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do that. >> let's let tal get a word in here. >> i was going to say it speaks to the complicated way that these hearings play out. you know,th some o members sort of treat it as if it's a trial, except there' jury or judge. you're sort of appealing to the american people at home, and that sort of t seemed be what republican strategy writ largeed was gearound, was this notion of less just, impugn the characterichael cohen as way of signaling to the american public that theybhouldn't ieve what he said but you also saw members sort of look at this as an opportunity to begin to establish a record. this is sort of the approach as, forxample, alexandria ocasio kor t cortez and khanna established things that the committee can turn around and subpoena, t looking liey were more preparing footnotes for anpo eventual that the committee might put out. that's sort of why it feels so
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disjointed sometimes is they are all trying to accomplish different things. >> and movingeyond the hearing itself in terms of what happens next, what are some of the challenges now for democrats, for example, because liberal lawmakers on the one hand saying, hey, let's find a way to start the impeachment process. >> i think pelosi knows that impeachment is an inherently political thing and if you do it in a partisan way, it's going k come bnd bite you just the way it did to the republicans when they impeached bill clinton. it isn'l just the mu investigation, you've got the southern district of new york, the u.s. attorniy,ael cohen said he's in constant contact with. if i were d ald trump or republicans i would be concerned about where that's going. quite apart from the mueller investi wtion. >> aat about the republicans, jason who keep on standing by the president throughout this? what are the risks they face? >> well, i thi there's a risk actually that if we break party unity then a lot of the thing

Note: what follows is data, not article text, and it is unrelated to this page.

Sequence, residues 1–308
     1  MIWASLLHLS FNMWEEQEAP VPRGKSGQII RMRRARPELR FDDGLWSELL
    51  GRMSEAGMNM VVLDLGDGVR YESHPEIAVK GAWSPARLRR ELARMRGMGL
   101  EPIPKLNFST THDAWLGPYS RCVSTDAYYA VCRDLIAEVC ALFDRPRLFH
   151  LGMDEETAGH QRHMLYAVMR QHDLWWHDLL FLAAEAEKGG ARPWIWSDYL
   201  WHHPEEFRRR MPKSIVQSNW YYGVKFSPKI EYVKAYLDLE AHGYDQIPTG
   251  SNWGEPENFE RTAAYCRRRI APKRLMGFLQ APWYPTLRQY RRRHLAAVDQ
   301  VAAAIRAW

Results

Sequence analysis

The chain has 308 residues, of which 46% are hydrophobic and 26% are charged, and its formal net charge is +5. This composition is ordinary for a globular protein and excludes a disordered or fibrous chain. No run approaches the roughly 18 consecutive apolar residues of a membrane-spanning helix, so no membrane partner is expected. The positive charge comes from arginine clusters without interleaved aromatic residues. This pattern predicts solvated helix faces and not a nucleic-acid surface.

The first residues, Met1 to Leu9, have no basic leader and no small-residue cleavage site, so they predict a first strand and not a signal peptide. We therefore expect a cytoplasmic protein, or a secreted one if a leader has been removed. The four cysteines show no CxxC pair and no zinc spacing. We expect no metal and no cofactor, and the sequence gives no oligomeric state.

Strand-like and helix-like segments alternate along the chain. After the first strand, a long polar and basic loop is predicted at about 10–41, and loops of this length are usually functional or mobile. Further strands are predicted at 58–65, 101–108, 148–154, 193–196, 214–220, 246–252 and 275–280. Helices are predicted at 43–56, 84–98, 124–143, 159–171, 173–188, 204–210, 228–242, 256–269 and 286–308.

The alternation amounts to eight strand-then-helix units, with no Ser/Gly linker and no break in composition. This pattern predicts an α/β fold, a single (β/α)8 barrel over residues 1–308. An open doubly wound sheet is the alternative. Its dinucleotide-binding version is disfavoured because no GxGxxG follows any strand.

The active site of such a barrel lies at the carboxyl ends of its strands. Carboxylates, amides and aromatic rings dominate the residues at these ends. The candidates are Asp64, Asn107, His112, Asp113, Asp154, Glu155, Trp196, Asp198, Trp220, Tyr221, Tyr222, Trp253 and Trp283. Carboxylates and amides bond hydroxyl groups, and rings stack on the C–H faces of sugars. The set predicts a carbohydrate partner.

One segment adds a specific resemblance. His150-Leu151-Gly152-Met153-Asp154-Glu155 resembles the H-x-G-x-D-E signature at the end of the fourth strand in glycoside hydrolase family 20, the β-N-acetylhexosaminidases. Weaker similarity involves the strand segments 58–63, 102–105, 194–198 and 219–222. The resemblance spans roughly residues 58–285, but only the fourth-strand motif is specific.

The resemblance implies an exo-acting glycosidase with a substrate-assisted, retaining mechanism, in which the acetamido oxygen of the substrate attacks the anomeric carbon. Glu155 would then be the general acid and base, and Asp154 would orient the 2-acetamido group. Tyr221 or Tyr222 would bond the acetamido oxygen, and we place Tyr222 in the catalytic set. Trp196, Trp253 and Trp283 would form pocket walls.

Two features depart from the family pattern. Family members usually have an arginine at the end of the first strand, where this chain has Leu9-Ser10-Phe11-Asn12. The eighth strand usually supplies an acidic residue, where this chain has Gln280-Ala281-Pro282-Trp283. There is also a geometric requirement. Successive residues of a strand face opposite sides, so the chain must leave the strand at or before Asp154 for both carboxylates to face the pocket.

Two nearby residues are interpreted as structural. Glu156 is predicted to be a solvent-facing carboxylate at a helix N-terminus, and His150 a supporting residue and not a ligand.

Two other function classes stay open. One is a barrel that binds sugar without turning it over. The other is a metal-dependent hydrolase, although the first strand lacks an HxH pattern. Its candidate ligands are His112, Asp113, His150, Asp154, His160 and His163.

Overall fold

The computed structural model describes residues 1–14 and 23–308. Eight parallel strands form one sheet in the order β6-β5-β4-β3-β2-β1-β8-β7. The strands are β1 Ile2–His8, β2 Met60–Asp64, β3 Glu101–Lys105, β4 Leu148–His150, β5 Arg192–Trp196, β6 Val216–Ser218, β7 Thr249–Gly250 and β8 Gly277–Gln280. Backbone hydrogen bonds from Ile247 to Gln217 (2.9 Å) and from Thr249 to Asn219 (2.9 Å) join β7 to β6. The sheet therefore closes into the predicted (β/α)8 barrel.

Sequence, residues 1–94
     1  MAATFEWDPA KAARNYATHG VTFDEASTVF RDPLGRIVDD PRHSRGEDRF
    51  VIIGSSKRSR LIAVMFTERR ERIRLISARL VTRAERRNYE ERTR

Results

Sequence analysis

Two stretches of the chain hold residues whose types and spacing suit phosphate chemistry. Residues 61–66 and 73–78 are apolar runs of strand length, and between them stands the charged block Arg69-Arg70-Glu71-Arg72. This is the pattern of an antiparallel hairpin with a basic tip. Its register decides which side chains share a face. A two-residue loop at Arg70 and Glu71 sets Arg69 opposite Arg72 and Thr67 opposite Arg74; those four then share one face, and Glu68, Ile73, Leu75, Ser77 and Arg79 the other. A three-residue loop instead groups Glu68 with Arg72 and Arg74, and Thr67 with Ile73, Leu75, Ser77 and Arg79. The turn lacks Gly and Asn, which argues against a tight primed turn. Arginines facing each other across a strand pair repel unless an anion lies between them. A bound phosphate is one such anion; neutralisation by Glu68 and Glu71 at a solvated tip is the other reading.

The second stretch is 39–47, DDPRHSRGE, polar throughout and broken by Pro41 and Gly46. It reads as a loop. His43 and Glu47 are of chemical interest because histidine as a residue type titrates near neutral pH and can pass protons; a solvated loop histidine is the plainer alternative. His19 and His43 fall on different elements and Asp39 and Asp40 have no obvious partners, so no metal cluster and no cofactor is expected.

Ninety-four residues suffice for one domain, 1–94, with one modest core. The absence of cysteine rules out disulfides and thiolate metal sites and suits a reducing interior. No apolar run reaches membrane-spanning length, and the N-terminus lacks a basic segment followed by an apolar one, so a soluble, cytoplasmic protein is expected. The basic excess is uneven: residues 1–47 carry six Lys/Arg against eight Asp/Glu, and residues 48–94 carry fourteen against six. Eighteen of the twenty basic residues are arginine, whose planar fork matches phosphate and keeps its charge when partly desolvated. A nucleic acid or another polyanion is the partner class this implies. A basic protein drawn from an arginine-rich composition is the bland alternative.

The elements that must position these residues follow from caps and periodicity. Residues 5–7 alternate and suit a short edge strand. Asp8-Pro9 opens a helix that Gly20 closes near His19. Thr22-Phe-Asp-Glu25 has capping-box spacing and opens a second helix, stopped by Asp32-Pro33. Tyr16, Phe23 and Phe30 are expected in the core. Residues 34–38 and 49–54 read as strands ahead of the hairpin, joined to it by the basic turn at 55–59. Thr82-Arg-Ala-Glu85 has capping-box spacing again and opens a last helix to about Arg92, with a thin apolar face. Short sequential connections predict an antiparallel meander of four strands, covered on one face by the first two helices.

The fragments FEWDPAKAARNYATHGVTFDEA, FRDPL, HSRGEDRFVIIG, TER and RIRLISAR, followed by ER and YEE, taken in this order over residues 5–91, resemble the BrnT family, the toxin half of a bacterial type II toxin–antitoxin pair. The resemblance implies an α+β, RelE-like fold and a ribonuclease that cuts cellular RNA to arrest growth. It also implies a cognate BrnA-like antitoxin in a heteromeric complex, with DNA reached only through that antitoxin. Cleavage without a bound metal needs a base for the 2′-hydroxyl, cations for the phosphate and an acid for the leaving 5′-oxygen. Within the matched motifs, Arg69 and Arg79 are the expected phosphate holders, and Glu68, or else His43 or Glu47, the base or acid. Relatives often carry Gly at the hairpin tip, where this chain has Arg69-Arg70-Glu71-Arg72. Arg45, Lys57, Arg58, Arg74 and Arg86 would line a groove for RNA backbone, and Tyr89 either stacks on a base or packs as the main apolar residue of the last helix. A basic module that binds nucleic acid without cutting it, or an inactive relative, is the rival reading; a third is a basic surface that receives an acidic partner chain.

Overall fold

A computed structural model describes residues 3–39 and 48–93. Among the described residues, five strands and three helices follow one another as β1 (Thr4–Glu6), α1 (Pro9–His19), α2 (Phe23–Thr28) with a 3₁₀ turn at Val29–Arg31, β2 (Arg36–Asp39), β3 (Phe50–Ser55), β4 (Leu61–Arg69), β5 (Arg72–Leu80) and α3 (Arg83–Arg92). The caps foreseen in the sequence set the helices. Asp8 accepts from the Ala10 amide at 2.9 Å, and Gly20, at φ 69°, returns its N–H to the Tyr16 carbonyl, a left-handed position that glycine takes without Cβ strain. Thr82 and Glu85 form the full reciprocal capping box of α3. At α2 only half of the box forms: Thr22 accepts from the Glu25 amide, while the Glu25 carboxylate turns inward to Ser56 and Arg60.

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the agenda items that donald trump wants to get done, such as immigration reform and like that, won't actually get done becauseo we'll be t busy infighting. >> i want to also talk about gavin neesome, because governor was in washington this week attending a conference of governors and attended a white house dinner hosted by trump.dent i know you covered that visit. what is his biggest challenge now as he's trying to build relationships in w.,shington, d. relationships with the trump administration at a time when california has filed at least 45 lawsuits against white house policies. >> yeah, it wasort of funny. i was standing outside the u.s. senate chaf er, and ohe elevator walks gavin newsome who was coming around with senator dianne feinstein,spo i actually ke with him for about three minutes and in three minutes, that due alty was on full display. on the one hand, he saidd he h ny conversations with president trump both in person and over the phone and he's really making aconcerted effort to build an open line of